Simon’s guess is that the out-of-town business parks of North Bristol will be the beneficiaries, as office occupiers look for floorspace. ‘For the first time in a long time – perhaps ever – we’re seeing some city centre occupiers looking at out-of-town options because they simply have no choice – and of course it is much cheaper out of town. Top rents are £22.50 per sq ft and rising a little, but that’s still a huge discount on the city centre.’
No surprise that landlords and developers are grabbing opportunities in north Bristol, the prime example being Columbia Threadneelde’s 12,000 sq ft Building 600, Aztect West.
But a handful of new builds and refurbs is all Bristol has – and according to Simon it’s not likely to change. ‘Rising construction costs in the South West – the Hinkley power station project is not helping because it is adding to the demand for construction services – are a big worry for developers. But they are also looking at the economy and nobody is going to put their name to anything big six months out from Brexit. They are taking a step back and being very cautious,’ he says.
Switch the focus 400 miles north to Glasgow and things look eerily similar, with one important – not very comforting – difference.
According to Alistair Reid, Director of office agency at JLL in Glasgow, it would be easy to believe the Scottish office market was on a roll. A series of major pre-lets – Clydesdale Bank took 111,000 sq ft, whilst HMRC took another 187,000 sq ft – suggest strength. And it is certainly true that speculative office development is being let well ahead of completion on site.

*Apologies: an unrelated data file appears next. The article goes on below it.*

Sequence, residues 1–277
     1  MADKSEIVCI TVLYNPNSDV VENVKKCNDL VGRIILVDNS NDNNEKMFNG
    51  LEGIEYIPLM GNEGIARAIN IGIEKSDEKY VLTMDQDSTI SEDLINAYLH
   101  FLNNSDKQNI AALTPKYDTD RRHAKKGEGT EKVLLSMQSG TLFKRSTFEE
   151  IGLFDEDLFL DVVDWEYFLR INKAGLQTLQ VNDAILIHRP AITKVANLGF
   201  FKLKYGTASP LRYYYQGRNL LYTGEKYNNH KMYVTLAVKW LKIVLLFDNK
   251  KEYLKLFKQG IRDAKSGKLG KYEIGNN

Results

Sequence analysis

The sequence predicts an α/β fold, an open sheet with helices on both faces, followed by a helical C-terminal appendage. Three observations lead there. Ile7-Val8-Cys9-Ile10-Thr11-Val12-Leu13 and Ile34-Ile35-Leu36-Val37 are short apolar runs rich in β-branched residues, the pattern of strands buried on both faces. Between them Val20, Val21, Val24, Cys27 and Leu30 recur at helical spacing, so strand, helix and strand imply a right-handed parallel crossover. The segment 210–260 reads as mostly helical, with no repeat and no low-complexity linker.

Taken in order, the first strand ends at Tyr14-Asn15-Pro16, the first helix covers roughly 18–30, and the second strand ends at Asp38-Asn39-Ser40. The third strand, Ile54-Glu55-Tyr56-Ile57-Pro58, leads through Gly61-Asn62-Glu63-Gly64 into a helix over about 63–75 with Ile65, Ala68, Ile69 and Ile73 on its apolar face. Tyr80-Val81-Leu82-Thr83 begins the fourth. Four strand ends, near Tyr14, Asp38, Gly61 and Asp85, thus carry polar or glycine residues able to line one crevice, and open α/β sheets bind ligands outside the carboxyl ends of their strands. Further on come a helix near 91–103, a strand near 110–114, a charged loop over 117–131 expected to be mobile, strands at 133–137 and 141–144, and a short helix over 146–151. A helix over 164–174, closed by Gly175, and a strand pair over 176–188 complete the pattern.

The first half of 2018 saw Glasgow perform well – the second quarter was 50% up on the same period last year – and the mood is good.
However, Alistair says the problem is that, behind these big headline deals, the market is flat. The sense of caution that, in Bristol, grips landlords and developers (but not occupiers) in Glasgow extends to everybody. Sitting on hands is the city’s default position.
‘I don’t think there is a great depth of enquiries behind the big deals. The headline take-up numbers for Glasgow look impressive but there isn’t a long list of people waiting behind them. It’s not a super-strong occupational market and, for the indigenous office occupiers, it’s challenging,’ Alistair says.
Alistair does not expect anyone to enjoy a sudden rush of confidence and, therefore, the development, refurbishment and occupational scenes will continue flat into 2019. The upside is that he predicts many occupiers – unwilling or unable to move into new offices – will instead upgrade their existing floorspace. There’s a real opportunity for new fit-outs, he says.
A general upscaling of Scottish office space is already in progress. Architects 10 Design opted for a contemporary look at 132 Princes Street, Edinburgh, as they increase their footprint from 2,000 sq ft to 5,000 sq ft. Meanwhile, surveyors JLL went for ultra-modern after signing a new 10-year lease at 7 Exchange Place, Edinburgh. There is a collaboration zone at the centre of the office, designed with an emphasis on video conferencing capabilities, including BlueJeans and an emphasis on other smart technology.